For a 7th grade book report, the class had to pick something on someone who "changed the world" so classmates picked people like Mother Theresa or presidents. Garnett chose Chris Rock and showed up to class mimicking his set. In March of '09, Garnett hopped on stage for the first time ever, part of him enraptured by the idea since seeing Never Scared, at an open mic night at the Palm Beach Improv and killed. Enough so that Tony Rock (Chris's younger brother), also backstage, told the kid he was crazy funny -- and crazy young.
Garnett shuffled through many odd jobs -- delivering light bulbs, working at Publix, cleaning pools -- to pay for his addiction to stand-up, but it was a losing proposition for almost six years. He was "negative $129" in the bank account and struggling to get booked enough before Rene Harte, the owner of the Fort Lauderdale, Palm Beach and Tempe, Arizona improvs, pulled him aside.
"She sat me down in her office one day and was like 'I would love to start using you more -- you're funny, you're so young, you're great -- but you're so immature. I realized I was hearing that from all outlets -- immature, immature, immature -- so I stopped posting stupid shit on Facebook. I didn't delete the YouTube videos but I just stopped posting stupid stuff. I stuck to standup. And I'd just never say no to a gig."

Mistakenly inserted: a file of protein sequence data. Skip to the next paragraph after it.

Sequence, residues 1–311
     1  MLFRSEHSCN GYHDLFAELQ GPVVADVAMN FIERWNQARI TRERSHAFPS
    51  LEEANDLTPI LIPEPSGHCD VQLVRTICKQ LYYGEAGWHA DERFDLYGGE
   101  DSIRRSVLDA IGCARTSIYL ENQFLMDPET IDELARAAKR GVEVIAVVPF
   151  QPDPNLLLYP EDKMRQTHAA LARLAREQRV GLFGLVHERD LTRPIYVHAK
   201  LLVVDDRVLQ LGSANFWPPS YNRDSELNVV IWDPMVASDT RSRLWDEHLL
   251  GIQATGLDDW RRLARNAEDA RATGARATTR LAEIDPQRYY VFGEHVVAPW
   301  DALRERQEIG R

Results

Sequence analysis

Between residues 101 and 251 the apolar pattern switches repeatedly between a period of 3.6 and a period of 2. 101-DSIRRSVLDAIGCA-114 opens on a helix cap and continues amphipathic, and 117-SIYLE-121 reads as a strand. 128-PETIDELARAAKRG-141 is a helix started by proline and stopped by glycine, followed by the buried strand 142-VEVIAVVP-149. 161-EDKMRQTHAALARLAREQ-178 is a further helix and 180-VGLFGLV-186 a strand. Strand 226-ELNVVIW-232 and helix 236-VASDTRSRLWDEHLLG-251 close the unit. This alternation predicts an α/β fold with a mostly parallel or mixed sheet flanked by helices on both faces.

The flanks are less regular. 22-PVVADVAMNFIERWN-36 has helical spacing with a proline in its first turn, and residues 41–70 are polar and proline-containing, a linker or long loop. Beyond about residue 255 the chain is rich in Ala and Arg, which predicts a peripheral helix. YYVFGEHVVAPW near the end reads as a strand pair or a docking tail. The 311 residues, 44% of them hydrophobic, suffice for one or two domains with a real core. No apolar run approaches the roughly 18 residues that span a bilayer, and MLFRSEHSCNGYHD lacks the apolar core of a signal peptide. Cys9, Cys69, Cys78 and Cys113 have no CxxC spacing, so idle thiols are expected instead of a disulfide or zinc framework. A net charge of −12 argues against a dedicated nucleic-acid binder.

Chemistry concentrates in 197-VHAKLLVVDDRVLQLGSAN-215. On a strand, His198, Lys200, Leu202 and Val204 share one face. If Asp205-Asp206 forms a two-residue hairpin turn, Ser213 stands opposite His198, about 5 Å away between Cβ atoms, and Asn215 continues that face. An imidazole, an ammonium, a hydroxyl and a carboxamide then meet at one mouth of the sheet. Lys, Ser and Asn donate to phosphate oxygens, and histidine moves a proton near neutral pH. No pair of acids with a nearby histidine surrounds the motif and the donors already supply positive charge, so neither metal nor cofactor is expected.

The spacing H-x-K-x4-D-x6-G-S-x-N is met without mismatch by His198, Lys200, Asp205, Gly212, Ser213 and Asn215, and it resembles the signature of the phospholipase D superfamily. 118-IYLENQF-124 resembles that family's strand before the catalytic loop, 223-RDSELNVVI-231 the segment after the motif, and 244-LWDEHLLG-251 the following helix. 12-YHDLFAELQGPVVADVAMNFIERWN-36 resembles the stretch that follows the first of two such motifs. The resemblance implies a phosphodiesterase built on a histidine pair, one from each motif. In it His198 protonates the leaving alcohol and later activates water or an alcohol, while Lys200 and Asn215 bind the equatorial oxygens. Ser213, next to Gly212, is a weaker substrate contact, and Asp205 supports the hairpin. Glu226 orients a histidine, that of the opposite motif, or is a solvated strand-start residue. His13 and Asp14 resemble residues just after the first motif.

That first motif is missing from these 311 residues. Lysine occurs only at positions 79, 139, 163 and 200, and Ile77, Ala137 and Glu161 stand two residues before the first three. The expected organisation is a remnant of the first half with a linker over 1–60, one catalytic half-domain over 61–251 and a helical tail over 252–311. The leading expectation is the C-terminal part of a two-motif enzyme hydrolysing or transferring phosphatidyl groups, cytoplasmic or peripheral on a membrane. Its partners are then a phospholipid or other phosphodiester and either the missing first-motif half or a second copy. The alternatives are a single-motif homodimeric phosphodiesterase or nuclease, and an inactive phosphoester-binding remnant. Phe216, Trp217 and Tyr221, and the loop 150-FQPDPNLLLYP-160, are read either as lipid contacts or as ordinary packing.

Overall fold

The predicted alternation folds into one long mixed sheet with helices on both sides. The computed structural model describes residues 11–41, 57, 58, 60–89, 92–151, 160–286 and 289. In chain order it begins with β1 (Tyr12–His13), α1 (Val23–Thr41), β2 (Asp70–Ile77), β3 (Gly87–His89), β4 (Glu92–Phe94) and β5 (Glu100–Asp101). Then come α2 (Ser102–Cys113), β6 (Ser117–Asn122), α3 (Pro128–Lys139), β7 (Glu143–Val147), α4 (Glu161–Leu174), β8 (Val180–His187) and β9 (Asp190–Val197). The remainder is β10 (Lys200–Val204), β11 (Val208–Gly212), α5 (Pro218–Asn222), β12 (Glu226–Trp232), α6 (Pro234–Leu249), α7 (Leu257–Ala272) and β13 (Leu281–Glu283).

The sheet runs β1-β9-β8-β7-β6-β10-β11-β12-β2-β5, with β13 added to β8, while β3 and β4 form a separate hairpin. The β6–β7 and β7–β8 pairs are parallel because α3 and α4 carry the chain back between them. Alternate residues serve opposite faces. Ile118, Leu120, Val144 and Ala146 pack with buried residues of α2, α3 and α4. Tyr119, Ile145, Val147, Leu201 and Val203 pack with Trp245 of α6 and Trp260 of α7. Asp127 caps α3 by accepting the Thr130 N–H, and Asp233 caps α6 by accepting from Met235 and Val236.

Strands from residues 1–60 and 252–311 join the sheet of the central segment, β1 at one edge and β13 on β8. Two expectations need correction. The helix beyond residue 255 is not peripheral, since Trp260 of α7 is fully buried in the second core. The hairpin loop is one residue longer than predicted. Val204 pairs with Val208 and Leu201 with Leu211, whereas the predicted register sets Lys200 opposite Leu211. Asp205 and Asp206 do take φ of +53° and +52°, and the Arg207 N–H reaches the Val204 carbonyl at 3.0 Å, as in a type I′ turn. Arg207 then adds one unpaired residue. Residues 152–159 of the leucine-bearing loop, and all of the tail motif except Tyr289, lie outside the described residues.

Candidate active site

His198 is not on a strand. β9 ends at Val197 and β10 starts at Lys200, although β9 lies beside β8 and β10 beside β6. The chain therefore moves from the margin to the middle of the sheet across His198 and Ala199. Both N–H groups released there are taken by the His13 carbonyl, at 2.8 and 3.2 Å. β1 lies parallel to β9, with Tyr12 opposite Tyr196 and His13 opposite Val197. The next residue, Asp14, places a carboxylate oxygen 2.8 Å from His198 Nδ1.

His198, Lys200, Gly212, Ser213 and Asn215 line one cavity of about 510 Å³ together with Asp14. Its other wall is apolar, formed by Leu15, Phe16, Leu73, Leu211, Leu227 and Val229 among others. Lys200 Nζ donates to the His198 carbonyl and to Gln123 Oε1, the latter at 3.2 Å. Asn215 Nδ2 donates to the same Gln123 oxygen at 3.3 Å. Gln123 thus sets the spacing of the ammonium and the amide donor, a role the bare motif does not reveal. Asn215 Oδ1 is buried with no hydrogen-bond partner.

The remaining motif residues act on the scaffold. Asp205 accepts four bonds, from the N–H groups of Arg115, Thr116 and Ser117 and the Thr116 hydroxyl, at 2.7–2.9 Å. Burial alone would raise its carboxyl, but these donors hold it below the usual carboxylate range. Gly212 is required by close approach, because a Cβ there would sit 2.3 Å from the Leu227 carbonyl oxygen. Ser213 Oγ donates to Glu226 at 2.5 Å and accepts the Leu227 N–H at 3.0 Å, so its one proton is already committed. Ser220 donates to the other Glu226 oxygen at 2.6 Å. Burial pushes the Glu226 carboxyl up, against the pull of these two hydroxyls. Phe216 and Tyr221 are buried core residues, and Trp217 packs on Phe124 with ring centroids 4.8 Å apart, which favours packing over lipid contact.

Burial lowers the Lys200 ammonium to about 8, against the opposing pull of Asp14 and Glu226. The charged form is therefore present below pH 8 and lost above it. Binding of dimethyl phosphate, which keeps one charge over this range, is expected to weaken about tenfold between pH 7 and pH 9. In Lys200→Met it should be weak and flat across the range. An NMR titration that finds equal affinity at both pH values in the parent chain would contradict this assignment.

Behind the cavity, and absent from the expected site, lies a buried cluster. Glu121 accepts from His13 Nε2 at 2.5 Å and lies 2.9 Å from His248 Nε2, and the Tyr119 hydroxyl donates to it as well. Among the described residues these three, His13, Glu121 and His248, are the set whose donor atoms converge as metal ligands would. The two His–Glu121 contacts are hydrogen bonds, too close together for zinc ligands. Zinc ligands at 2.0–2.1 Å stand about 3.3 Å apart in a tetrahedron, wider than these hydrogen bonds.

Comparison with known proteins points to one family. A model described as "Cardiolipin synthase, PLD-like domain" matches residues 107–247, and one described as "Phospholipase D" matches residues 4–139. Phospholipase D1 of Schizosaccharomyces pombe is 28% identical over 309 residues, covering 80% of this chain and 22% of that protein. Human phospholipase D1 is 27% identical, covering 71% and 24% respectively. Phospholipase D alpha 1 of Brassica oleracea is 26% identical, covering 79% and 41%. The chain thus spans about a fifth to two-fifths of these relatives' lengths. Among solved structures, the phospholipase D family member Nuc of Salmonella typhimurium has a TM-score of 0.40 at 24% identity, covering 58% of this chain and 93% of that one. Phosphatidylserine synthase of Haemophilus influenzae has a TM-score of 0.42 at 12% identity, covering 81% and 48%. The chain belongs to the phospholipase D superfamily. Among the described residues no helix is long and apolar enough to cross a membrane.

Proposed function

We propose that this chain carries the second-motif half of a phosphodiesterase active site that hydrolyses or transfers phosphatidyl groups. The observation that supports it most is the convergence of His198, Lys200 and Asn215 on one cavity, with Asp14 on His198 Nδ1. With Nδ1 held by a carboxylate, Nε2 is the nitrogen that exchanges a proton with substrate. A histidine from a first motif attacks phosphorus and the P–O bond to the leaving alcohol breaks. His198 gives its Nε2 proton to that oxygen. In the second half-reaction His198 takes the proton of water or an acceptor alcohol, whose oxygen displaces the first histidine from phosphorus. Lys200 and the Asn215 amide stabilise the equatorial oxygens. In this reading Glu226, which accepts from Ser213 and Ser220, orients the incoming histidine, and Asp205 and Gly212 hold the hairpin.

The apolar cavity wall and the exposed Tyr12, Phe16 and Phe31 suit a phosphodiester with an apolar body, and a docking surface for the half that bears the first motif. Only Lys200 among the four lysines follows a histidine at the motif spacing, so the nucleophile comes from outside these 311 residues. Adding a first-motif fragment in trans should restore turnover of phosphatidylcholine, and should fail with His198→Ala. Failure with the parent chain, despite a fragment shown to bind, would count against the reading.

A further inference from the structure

His parents -- his mom is a beautician and his dad works for an internet advertising company -- were supportive of his dream and hopeful things would turn around, but they hit him often with "we know you love doing it, but it's not a real job."
Still, Garnett wasn't having it and, he says, he never contemplated throwing it away to appease anyone.
"Hell no," he says. "Never thought about it. I swear I've never thought about quitting. If I lost comedy, I'd have no reason to live, man. That's the only thing I think about."
Jordan Garnett opens for Jen Kirkman on Friday, August 1, at 8 and 10:30 p.m. at the Palm Beach Improv, 550 S. Rosemary Ave., Suite 250, West Palm Beach. Tickets cost $20 plus fees. Two-drink minimum. Call 561-833-1812, or visit palmbeachimprov.com. He also opens for Mark Viera at the same venue on Saturday at 7 and 9:45 p.m. and Sunday at 7 p.m. Tickets cost $17 plus fees. Two-drink minimum.